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A Portrait of the Scientist as a Young Artist

[ 1 ] July 1, 2010 | Ben Ehrlich

Santiago Ramón y Cajal was ten-years-old when his father, hoping to induce a straightening out, sent him away to Jaca, a small city in the Pyrenees where an uncle lived.

There he attended a strict college of Esculpian fathers who brutally enforced the educational philosophy of “la letra con sangre entra” (“knowledge enters with pain”)

"Cabin 2"| 1860-1871. Santiago Ramón y Cajal. Cajal Legacy. Instituto Cajal (CSIC), Madrid, Spain. Reproduced with the permission of the inheritors of Santiago Ramón y Cajal ©.

Santiago had no aptitude for rote memorization; his memory was a visual one.  And so he became disruptive and quarrelsome, playing pranks and making mischief.  The friars whipped, starved, and locked the disobedient boy in a dark room—but to no avail.  In performing one of his frequent escapes, the juvenile prisoner literally used his pencil as a lever to spring himself from a shut-up schoolroom.  When he was not so visually deprived, Santiago sought to soothe himself with sights of his picturesque surroundings:

Fortunately, I found great consolation in the cultivation of art and in the contemplation of nature.  Before the grandeur of the tremendous mountains which surround the historic city on the Aragon I forgot my humiliations, discouragements, and sorrows [ibid, 60].

The untameable “Ramón” appeared to be a lost cause.  (Like many boys, he was addressed at school by the family name of his father).

"Marina"| 1860-1871. Santiago Ramón y Cajal. Cajal Legacy. Instituto Cajal (CSIC), Madrid, Spain. Reproduced with the permission of the inheritors of Santiago Ramón y Cajal ©.

The friars decreed that he would never be a scholar.  They threatened him with explusion.

The boy stopped going to school altogether.

At the beginning of 1864, Don Justo at last agreed to transfer his son to the Institute at Huesca, in the ancient historical capital of the kingdom of Aragon.  There was an art school there.  Not yet a teenager, Santiago was afforded a measure of liberty.  Once his father left him, his first free act was to purchase paper and a box of paints.  He remembers:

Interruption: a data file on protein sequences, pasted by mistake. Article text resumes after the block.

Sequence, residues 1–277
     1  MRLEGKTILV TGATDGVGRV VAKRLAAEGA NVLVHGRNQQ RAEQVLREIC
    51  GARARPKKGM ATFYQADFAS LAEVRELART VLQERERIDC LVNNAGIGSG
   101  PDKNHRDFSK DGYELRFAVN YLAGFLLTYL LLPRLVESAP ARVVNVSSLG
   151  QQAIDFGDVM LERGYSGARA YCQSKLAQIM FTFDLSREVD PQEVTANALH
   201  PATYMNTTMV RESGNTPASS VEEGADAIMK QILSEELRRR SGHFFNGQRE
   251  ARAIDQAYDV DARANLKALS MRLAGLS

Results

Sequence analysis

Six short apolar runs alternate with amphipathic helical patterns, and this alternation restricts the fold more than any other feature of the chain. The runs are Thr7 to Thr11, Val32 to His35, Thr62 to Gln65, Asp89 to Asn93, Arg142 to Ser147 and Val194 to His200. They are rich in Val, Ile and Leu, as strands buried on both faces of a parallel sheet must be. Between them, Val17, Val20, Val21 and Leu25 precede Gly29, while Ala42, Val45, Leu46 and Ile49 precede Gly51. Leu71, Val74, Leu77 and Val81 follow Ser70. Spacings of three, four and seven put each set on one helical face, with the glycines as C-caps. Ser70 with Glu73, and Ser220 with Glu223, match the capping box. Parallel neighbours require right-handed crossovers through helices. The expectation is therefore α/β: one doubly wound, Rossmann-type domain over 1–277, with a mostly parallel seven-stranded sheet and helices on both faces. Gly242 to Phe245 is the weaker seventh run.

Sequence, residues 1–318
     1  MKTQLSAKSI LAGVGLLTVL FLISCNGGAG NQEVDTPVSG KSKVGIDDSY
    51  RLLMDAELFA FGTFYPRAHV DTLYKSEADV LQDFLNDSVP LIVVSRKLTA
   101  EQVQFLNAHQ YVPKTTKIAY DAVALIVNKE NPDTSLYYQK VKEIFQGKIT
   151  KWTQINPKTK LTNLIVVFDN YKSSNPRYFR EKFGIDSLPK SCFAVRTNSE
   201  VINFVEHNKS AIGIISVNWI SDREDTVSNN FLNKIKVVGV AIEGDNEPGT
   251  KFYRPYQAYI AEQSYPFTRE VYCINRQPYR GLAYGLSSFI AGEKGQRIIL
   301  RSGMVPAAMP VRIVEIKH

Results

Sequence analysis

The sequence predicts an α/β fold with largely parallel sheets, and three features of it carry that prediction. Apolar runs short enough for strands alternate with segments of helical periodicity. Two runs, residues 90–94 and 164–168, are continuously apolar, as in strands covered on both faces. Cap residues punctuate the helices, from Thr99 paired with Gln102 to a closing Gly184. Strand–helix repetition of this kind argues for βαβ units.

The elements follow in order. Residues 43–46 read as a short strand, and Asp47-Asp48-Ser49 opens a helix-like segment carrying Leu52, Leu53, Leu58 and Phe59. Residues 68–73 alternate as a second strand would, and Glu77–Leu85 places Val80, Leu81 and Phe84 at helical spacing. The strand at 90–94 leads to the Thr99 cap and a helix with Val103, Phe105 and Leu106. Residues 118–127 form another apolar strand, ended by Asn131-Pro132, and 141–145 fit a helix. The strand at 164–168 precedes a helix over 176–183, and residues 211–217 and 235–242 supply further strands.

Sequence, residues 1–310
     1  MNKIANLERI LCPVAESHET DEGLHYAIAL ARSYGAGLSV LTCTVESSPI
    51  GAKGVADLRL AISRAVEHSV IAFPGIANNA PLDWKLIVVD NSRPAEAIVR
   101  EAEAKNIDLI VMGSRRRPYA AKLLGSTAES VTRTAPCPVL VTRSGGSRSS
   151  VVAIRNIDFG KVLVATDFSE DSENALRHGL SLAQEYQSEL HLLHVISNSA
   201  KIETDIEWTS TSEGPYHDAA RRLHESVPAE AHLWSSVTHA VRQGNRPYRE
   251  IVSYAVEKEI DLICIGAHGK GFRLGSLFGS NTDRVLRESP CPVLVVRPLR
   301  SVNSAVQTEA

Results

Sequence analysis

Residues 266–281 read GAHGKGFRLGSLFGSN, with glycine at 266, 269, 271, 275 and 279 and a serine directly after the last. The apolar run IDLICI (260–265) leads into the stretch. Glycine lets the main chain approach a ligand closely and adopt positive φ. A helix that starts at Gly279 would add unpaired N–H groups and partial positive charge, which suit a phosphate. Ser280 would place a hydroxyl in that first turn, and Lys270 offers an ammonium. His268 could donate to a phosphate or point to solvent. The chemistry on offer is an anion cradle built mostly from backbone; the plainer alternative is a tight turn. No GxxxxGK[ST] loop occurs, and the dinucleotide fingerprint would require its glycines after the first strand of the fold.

I painted whatever charmed my eyes.  The pages of my sketch book were filled with drawings of rocks and trees, sprays of wild flowers, butterflies is showy liveries, and brooks gliding among pebbles, rushes, and white water lilies [ibid, 92].

But Santiago did not always apply his skills so innocently.  In the third term of his course at Huesca he circulated devastating caricatures of a detested professor of Greek, earning him the ire of the faculty and of his father.

"Girl"| 1860-1871. Santiago Ramón y Cajal. Cajal Legacy. Instituto Cajal (CSIC), Madrid, Spain. Reproduced with the permission of the inheritors of Santiago Ramón y Cajal ©.

In 1866, determined to “eradicate [his son's] artistic inclinations entirely”[ibid, 120], Don Justo apprenticed his teenage son to a stern shoemaker in Gurrea de Gállego, where the family was living.  Despite the strictest sensory constraints, as soon as he finished supper Santiago “spent [his] time giving form and life to the jumble of stains on the wall and the cobwebs of the ceiling, which [he] transformed, by the power of thought, into the wings of a magic stage, across which filed the cavalcade of my fantasies”[ibid, 121].  His brain generated pictures from faint or even nonexistent stimuli.  This visual acuity was one of the special gifts of Santiago Ramón y Cajal.  One way or another, he was bound to use it.  But even Cajal himself—at fourteen-years-old—would never have imagined what trails he would one day be blazing.

After a year of this harsh vocational punishment, Don Justo believed that his son was finally”cured of [his] artistic madness”[ibid, 129].  Adolescent Santiago promised to behave as long as he could take a drawing class, and Don Justo finally relented.  Always energetic and industrious, Santiago fervently dedicated himself to learning to draw.  After three months, he had exhausted the lithographic library at his school.  An impressed teacher, Don León, encouraged the boy.  The man even tried to convince Don Justo of the ability and potential of his son.  But Don Justo would simply not allow it.  His son was not to be a professional artist.

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  1. Jen Erickson says:

    This is a beautifully written piece that takes you by the hand and weaves a story that takes a subject that is academic science and gives it a human portrait. Passionate intellect.

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